Reforming Microfinance to Suit Developing Economies: The Right Way and the Zimbabwe


There are few countries in Africa that possess as much economic potential as Zimbabwe, but it is plagued with racial and social inequality. One solution for alleviating poverty and promoting social equality is the use of microfinance. Microfinance has been successful in reducing poverty in many developing countries. Zimbabwe currently has microfinance institutions which serve the poor, but they are undercapitalized, unregulated, and are more interested in generating profit than creating meaningful economic growth for Zimbabwe.The Zimbabwean government has stated its commitment to improving the microfinance sector in order to help alleviate poverty.The Zimbabwean House of Assembly is currently reviewing a bill, the Microfinance Act, which will bring much-needed reform to Zimbabwe’s microfinance industry. Although a well-run microfinance industry will not solve all of Zimbabwe’s economic problems, it could be the key to helping Zimbabweans escape poverty. In order to fully understand the potential impact of microfinance reform in Zimbabwe, it is important to understand Zimbabwe’s informal sector. The informal sector is a large component of Zimbabwe’s economy, and it could benefit tremendously from sound microfinance reform.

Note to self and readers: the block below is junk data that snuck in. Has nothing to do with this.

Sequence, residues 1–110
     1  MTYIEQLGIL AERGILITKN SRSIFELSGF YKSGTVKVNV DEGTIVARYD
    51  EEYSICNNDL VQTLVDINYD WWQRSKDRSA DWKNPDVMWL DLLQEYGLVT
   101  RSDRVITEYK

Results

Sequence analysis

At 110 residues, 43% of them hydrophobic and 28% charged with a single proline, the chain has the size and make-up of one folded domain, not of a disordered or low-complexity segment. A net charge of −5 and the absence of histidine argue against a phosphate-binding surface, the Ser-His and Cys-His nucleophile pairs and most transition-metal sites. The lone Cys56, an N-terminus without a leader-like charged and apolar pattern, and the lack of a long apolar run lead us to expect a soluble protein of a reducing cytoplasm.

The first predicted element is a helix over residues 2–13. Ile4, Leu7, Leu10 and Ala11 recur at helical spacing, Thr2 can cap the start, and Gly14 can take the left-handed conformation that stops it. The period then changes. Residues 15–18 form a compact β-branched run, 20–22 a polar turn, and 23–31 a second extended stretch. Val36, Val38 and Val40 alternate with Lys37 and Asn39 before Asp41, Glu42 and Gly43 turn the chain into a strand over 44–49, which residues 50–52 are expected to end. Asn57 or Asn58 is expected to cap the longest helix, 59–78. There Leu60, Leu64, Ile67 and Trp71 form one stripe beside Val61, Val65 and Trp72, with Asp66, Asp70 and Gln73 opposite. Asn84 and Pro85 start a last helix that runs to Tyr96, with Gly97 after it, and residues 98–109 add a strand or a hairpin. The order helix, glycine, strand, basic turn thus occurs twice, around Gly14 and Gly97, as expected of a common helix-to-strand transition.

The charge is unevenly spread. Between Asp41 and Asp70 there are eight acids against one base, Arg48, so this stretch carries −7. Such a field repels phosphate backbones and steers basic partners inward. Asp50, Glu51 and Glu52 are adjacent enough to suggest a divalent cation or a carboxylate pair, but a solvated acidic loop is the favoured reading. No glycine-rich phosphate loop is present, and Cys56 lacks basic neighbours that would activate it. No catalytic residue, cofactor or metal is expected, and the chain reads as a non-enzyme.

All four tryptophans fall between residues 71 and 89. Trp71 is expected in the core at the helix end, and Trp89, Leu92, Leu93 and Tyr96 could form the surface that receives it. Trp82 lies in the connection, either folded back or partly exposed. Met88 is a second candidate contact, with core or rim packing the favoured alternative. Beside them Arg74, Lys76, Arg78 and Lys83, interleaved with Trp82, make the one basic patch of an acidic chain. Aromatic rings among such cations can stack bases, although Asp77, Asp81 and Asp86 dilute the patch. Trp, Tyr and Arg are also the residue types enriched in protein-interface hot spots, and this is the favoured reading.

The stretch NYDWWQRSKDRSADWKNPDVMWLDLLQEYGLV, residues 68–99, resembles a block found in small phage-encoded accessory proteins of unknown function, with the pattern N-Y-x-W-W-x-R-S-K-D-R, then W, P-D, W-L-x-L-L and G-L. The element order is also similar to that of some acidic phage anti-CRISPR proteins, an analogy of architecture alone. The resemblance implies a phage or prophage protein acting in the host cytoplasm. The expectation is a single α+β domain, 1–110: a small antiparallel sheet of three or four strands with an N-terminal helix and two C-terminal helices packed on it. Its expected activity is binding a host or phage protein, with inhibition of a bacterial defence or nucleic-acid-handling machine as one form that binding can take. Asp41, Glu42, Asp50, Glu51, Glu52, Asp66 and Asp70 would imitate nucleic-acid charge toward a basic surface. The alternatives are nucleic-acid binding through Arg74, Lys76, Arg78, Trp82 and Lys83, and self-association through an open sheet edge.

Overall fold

Racial Discrimination, Inequality, Wealth, Microfinance, Africa, Informal Economy, Zimbabwe



Vincent D. Baumann (Washington University in St. Louis, School of Law)



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